If you believe that police abuse is one that deserves action and comment than ACT and COMMENT! As a side note, I see this police abuse issue as more of a local issue than a national one as it doesn't involve federal abuse of power, but local ones. If that's true it makes protesting America by sitting even less effective as a statement.

I suppose Kaepernick's action did generate some attention and so I may be wrong, but I think it garnered a lot less than the NBA and WNBA players who wore protest t-shirts and got fined for it. I respect the latter statement more if for no other reason... their actions were unambiguous and clear.

In other words, stand up for your beliefs and your country. Don't sit on your arse and sulk.

 

You tell him to ACT and COMMENT, well what do you think he was doing? You don't have to like the act but he is doing what you want. If Kaep simply spoke out, people would tell him to shut up and play football. What he did was continue to bring attention to a real issue in the midst of people making fantasy lineups

While I personally stand for the pledge and the national anthem, I do find it interesting that we like to condemn the person or people protesting if we don't like the way they protest. To me, we get very caught up in a "first world" problem  and the act of the protest when we should be continuing the discussion on the point he is making. 

 

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I'm trying to get emotional over this but I can't. Its not like he spat on the American flag. At the end of the day he's getting paid millions of dollars to entertain us playing a game, I really don't care about his political beliefs.

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He wanted to make a statement and what he is doing will draw and has drawn a lot more attention to his message than if he just stood at a podium. While at first I thought it was disrespectful towards our armed service members (but I still recognize his right to sit no matter how I felt), I waited for his explanation and now him sitting doesn't bother me. If he feels the flag doesn't symbolically represent the rights and values it used to and soldiers are dying in vain to protect those values like liberty and justice for all, who am I to argue with his perspective of the world. His perspective isn't some looney toon fantasy world either, so if he wants to sit... Let him sit. But, he should be prepared for the backlash and it sounds like he is. This was a calculated decision on his part and not some knee jerk thing he thought up 2 minutes before the start of his first preseason game. He is trying to start/continue a discussion that some people are afraid to talk about and others frankly are too ignorant to contribute anything of value. When I say ignorant people, I mean the ones that respond to Kaepernick's action with blind racist comments and "If you don't like America you can get out". I give a tip of the hat towards his determination and putting his money where his mouth is, he could stand to lose a lot if he continues to sit and will be scapegoated as being a distraction if the 49ners suck. Here is the article where he explains why he is sitting:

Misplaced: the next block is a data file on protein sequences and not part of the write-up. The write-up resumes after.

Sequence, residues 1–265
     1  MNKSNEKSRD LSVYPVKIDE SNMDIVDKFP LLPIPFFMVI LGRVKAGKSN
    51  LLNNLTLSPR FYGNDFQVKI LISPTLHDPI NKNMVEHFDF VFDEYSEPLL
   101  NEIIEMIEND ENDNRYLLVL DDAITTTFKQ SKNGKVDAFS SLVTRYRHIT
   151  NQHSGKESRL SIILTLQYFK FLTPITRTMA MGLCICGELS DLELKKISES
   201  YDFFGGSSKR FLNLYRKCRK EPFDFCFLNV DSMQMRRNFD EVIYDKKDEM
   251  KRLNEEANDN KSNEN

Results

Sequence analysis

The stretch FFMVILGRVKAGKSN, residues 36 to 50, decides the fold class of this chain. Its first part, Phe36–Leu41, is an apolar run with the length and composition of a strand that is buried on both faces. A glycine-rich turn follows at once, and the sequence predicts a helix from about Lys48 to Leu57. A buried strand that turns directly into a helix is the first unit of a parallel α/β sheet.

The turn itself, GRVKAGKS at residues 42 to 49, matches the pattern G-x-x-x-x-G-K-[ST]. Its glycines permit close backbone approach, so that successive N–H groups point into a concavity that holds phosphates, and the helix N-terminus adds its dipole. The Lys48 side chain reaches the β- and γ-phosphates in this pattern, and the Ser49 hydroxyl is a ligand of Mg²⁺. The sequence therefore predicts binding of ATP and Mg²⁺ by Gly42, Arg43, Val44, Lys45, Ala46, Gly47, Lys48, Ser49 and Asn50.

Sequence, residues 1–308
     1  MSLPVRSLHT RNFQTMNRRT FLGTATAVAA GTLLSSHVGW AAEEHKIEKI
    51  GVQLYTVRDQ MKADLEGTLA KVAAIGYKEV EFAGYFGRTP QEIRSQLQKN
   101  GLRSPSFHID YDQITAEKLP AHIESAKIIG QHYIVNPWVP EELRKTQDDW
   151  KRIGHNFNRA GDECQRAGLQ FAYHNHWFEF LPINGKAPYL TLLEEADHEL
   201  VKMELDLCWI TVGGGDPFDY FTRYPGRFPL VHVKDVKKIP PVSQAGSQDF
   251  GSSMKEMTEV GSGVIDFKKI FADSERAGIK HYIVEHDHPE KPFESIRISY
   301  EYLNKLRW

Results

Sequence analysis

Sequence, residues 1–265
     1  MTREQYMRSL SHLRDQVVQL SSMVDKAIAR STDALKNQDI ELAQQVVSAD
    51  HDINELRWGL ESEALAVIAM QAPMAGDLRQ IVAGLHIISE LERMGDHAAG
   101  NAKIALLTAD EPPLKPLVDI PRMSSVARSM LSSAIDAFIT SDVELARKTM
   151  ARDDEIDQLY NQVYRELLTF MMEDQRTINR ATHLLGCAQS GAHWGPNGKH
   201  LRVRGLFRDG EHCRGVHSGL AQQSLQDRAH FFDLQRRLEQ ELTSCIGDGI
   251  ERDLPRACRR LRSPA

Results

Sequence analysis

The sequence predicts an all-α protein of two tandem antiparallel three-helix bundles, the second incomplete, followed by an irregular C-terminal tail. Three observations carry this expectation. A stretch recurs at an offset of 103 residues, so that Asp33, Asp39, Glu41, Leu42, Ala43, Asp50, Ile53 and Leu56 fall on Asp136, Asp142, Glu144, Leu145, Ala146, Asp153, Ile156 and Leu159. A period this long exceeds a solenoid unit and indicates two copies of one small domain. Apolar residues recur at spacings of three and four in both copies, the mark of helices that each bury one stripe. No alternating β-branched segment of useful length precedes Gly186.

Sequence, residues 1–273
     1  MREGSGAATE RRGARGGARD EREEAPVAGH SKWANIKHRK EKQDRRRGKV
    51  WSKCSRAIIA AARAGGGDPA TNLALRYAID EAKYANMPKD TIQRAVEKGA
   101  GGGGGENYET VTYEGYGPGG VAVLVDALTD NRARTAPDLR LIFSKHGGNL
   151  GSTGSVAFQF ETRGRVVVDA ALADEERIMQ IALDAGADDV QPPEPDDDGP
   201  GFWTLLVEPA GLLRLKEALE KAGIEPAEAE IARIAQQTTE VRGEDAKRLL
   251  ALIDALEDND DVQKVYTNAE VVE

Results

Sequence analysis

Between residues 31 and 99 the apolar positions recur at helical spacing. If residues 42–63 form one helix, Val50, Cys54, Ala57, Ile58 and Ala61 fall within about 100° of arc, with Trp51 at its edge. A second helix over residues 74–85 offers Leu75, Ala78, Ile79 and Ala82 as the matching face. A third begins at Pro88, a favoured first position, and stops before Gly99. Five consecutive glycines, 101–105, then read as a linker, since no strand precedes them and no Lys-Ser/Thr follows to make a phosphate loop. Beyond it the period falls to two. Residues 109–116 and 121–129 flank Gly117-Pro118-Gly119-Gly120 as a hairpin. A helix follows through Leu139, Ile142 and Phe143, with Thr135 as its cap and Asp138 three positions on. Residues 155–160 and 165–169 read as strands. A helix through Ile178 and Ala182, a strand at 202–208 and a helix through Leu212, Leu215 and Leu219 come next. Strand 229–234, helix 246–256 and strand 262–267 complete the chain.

http://www.nfl.com/news/story/0ap3000000691874/article/colin-kaepernick-ill-continue-to-sit-during-national-anthem

 

Edited by Zazzaro703

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8 hours ago, Burgold said:

I'm a firm believer of freedom of speech and protest. That said, I think not standing during the Pledge or during the playing of the National Anthem is wrong. Now, I support your right to stand up silently and not say the pledge (for religious or other reasons). I can even get behind you not putting your hand over your heart, but I do think you should stand.

I think part of it is that I look at some of these issues as a matter of harm. As a young Jewish boy, I wasn't harmed in being asked to sing Christmas songs during the school assembly. I remember being invited to be part of a Presidential prayer breakfast during an inauguration. When the priest asked everyone to rise I did. I didn't say the prayers, but I did stand. These are the little slights we bare as being part of the community.

So, when I read about Kaepernick choosing to sit during the National Anthem, part of me gets it and most of me doesn't. He says he's doing this because he's frustrated with racial inequality. Is not standing a good gesture to announce that disquiet?

I don't think so because no one knew why he wasn't standing. They just saw it as a sign of disrespect. More, as a QB in the NFL he has a tremendous platform to use his voice or his money to make an actual difference. That makes the act of sitting seem hollow as far as gestures go.

If you believe that police abuse is one that deserves action and comment than ACT and COMMENT! As a side note, I see this police abuse issue as more of a local issue than a national one as it doesn't involve federal abuse of power, but local ones. If that's true it makes protesting America by sitting even less effective as a statement.

I suppose Kaepernick's action did generate some attention and so I may be wrong, but I think it garnered a lot less than the NBA and WNBA players who wore protest t-shirts and got fined for it. I respect the latter statement more if for no other reason... their actions were unambiguous and clear.

In other words, stand up for your beliefs and your country. Don't sit on your arse and sulk.

This is the whole problem. Equating racism to the school Christmas song. U and most white people have no concept about what you are talking about. 

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African Americans have fought in every military conflict however we are marginalize by this country, and it's system.  If Colin feels the way to address racism is to make a small sacrifice then so be it. I hope he understands that his gesture will cause a lot of people to hate him. But if his actions bring light to the racial problem in America I feel he would honor the men and women that died for the idea of a country where people can express themselves freely. I hope we start asking why people can set up businesses in the black community but you will never see a black business in a white, asian, or middle eastern community. If it helps make a better future for us all then it was worth the sacrifice. Black people own .5  of 1percent of wealth in America. How can Colin triumph against such overwhelming odds. People are more concerned with him standing but not the problem. 

Edited by boobiemiles